@KC T-I think this is directed at me so I'll respond directly. I think you misunderstood what I wrote. You mention that in other countries you pray for a few more positive views from different reviewers. Actually on many occasions some of the grants here haven't even gone out for review or they were rejected with no explanation, reviewers comments, or feedback. You also mention the level of bureaucracy in Singapore. For example in 2009 for the basic Ministry of Education grant the due date to our department was Nov 30th. There it was approved and received signatures. Then it went up to the School level where it again received signatures. Then it went the College level for more signatures. Finally it hit the university's Research Office where it again received signatures and approval was granted on Feb 19th. So three months after submission we were finally allowed to send it to the actual funding agency. By that time, of course the forms had changed and had to enter everything into the new forms which had different margins etc. After submission we then heard back from the funding agency on Sept 6th. Through that whole process (almost 10 months) the ENTIRE extent of my feedback was this (in the past we've often received less):
    "This significance of the proposed research is not strong because the proposal is diffuse and highly ambitious. The PI should focus more tightly on key components of the prior proposal that are viewed as strongest and best integrated.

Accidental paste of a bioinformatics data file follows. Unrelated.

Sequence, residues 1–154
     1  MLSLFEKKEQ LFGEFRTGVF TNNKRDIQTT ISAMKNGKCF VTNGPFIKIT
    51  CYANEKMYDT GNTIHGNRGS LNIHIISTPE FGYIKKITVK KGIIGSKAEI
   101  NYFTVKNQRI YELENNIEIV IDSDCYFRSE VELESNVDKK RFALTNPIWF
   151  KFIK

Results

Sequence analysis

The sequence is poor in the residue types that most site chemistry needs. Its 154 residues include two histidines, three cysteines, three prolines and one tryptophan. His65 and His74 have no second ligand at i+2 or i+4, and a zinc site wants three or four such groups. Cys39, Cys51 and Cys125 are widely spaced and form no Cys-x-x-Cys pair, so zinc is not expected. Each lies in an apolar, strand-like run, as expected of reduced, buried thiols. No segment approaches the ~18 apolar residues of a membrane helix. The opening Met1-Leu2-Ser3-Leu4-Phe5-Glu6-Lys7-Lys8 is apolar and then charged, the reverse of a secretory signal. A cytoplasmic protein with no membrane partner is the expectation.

Each of the aims and themes of this diffuse proposal could be a proposal in itself. The PI is urged to focus more on one of these aims and flesh out the mechanistic and translational strengths therein."
    While this may be true, there doesn't seem to be much evidence that whoever wrote this read and understood the proposal
    Do you apply for MOE grants in IMRE (strangely I can't seem to find someone with your initials on the IMRE website)? Also I don't understand the point you are trying to make when you divide the populations of various countries by the population of Singapore. How does this justify sketchy research funding allocation policy?
  13. Lars Ericson said:
    @KC T and Brendan Orner: Brendan is not the only one receiving such a funny feedback. We've received things such as "your topic is very popular and there is nothing new to explore ...". And you only beg for less than 100K S$ without manpower to explore this particular idea. The proposal was rejected but the preliminary results were accepted for publication in a top journal. The dilemma of the research scene here is the double load of bureaucracy: the existing local system and the management style imported from bureaucratic Europe. A high-ranking officer with no background in your field can kill really good proposals with such a hand-waving comment. And you have a lot of such officers in the management which cost much more than the funding we asked for.
  14. Lars Ericson said:
    @ Brendan: my last comments here. You are lucky to get your proposal out of the university. Most of the proposals were already ranked and rejected at the school level. I hope that the comments here do not cost you job. I definitely stop here.

Sunday, 22 November 2015

Interesting approach to proofs using high school algebra